Persons with Significant Control
Changes to the law applicable to Ltds, LLPs and SEs in the UK with effect from 6 April 2016
On 6 April 2016 significant company law changes came into force introducing requirements for a Register of “Persons with Significant Control” to be maintained and filed at Companies House. The aim of this new legislation is to increase transparency regarding the beneficial ownership of corporate entities operating in the United Kingdom.
Which companies are affected?
All private limited companies (Ltds), limited liability partnerships (LLPs) and Societas Europaeae (SEs) which are registered in the United Kingdom are obliged to maintain such a Register with effect from 6 April 2016.
The rules apply even where the company in question is a wholly owned subsidiary of a foreign company. Where a group structure contains more than one UK registered Ltd, LLP or SE, each must register and maintain its own register.
What constitutes “significant control”?
The rules are slightly different depending on the type of company involved. There are five distinct circumstances in which a person may be deemed to have significant control:
- A person who holds (directly or indirectly) more than 25% of the nominal value of the company’s shares.
- A person who holds (directly or indirectly) more than 25% of the company’s voting rights at shareholder meetings.
- A person who holds (directly or indirectly) the right to appoint or remove a majority of the company’s board of directors.
- A person who has the right to exercise or is exercising significant influence or control over the company.
- A person who has the right to exercise or is exercising significant influence or control over a trust or partnership where the trustees or partners meet any of the conditions above.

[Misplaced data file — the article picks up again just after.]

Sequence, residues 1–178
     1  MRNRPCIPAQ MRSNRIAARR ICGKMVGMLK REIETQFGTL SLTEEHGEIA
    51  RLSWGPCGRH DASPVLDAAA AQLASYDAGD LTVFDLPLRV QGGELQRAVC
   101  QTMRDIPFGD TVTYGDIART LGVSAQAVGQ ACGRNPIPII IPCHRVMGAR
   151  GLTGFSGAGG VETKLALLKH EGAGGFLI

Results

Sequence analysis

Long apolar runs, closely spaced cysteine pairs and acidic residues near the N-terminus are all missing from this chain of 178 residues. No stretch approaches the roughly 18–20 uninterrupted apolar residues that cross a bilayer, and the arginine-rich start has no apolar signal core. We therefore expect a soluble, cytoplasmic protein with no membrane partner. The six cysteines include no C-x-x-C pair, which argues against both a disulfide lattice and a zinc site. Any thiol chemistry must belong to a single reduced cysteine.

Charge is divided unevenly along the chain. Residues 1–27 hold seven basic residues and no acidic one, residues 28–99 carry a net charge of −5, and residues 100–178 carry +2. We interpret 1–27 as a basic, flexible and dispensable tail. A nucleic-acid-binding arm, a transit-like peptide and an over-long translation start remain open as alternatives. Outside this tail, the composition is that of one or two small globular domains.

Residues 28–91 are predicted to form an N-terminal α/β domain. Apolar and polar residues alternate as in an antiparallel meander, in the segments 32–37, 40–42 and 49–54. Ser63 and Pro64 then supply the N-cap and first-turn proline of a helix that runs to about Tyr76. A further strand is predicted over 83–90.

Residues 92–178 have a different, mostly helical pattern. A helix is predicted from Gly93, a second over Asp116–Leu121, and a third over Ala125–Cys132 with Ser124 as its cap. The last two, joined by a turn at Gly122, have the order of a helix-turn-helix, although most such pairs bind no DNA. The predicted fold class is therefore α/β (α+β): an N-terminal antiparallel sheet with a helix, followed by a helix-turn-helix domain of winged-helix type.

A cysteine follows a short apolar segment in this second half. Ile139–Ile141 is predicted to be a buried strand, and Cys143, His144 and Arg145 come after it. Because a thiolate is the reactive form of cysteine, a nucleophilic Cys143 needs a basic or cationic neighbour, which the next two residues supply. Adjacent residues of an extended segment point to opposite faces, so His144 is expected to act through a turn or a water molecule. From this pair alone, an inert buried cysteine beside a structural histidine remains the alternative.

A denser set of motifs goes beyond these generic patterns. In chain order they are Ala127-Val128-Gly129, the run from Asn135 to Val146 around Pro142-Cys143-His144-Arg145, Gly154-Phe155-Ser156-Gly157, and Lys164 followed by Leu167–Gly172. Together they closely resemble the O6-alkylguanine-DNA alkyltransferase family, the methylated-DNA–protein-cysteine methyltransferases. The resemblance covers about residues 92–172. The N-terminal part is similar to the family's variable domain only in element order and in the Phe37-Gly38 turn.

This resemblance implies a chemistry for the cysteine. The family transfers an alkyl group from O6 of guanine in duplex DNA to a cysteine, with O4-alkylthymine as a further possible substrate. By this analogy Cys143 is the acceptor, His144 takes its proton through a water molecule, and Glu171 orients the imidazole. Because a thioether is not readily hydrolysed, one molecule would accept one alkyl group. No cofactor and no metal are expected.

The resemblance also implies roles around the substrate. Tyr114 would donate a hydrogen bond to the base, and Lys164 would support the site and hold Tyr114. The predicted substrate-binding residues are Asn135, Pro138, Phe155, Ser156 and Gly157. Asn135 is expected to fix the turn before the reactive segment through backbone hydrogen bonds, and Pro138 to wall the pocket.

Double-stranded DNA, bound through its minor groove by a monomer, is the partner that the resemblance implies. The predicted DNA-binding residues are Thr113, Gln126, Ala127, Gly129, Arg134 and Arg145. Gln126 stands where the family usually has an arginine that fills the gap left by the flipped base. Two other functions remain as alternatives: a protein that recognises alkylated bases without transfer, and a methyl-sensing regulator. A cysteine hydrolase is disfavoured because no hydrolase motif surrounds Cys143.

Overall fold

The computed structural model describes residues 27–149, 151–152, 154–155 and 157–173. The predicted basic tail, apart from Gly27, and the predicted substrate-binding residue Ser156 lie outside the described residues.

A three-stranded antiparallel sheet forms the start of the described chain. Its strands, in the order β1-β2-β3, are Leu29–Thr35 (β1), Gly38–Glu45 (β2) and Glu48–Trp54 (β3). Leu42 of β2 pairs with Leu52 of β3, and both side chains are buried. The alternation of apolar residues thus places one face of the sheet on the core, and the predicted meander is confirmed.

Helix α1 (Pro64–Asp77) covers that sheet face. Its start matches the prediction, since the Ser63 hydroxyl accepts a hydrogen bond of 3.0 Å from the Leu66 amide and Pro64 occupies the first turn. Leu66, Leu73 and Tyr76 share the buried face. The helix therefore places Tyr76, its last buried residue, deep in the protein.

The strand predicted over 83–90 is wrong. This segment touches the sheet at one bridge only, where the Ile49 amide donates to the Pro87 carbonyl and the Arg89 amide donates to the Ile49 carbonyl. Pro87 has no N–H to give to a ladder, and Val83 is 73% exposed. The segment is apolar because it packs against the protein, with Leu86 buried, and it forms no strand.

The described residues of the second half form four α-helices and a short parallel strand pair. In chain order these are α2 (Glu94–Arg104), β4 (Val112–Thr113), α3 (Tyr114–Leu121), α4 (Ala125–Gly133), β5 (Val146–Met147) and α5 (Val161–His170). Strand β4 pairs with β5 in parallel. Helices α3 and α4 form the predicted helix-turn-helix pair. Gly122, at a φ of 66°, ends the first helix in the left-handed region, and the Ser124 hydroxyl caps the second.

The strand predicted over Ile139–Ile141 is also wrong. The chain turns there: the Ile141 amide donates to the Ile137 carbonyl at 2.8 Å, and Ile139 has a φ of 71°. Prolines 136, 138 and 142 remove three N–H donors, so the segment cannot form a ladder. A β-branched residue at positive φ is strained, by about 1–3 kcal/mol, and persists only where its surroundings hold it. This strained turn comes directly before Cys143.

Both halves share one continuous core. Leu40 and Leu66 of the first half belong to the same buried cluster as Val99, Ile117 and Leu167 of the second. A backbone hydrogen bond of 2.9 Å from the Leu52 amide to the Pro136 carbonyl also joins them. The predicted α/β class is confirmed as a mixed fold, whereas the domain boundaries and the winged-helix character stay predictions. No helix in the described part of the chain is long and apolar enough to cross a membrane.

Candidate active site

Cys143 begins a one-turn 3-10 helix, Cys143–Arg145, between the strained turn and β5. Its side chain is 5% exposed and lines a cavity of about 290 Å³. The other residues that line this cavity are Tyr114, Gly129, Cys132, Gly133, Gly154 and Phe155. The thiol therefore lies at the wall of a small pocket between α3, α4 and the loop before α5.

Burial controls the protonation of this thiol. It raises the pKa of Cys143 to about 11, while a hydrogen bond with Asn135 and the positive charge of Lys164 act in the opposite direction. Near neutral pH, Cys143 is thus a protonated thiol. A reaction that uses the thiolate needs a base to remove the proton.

The UK Government has issued detailed guidance as to what constitutes “significant influence or control” in these circumstances.
Identifying direct control will be relatively simple. However determining precisely who is exercises indirect significant control can be much more complicated, especially in a group structure involving foreign companies and ultimate individual beneficiaries. In certain cases the ultimate beneficiary of the parent company of the group will need to be recorded in a subsidiary’s Register much lower down the chain.
What information must be included in the Register?
Once a company has identified a person with significant control it must record their details in the Register. The Register must include amongst other things the person’s name, service address, residential address, nationality, date of birth and the nature of the control they hold. The information contained in the Register must also be filed at Companies House and an annual confirmation of correctness given thereafter.
If this information is not readily available to the officers of the company it should be requested in writing using the pro-forma notice issued by the UK Government for this purpose.
The Register must be open to public inspection and the information filed at Companies House will also be publicly available. Personal information such as the residential address and date of birth will be protected in the same way as directors’ information is currently protected. There are also certain provisions to allow for an application to keep other information out of the public domain if there is a serious risk of violence or intimidation as a result of this information being made public.
What are the penalties for not complying?
A failure to put in place and to maintain a Register of Persons with Significant Control is a criminal offence. This offence is committed by both the company and its officers and anyone refusing to provide the information necessary to complete the Register. The maximum penalty is two years’ imprisonment and/ or a fine.
If you are an officer of a limited company, LLP or SE which is registered in the United Kingdom you must ensure that steps are taken without delay to implement the necessary Register and to obtain the necessary information in order to be able to complete it.
If any of these entities are part of a wider group structure you should obtain legal advice without delay in order to determine precisely what information (and in particular which indirect significant interests) need to be included in the Register.
Any questions? Please contact: Lucy Holden
Practice Group: Litigation, Arbitration & ADR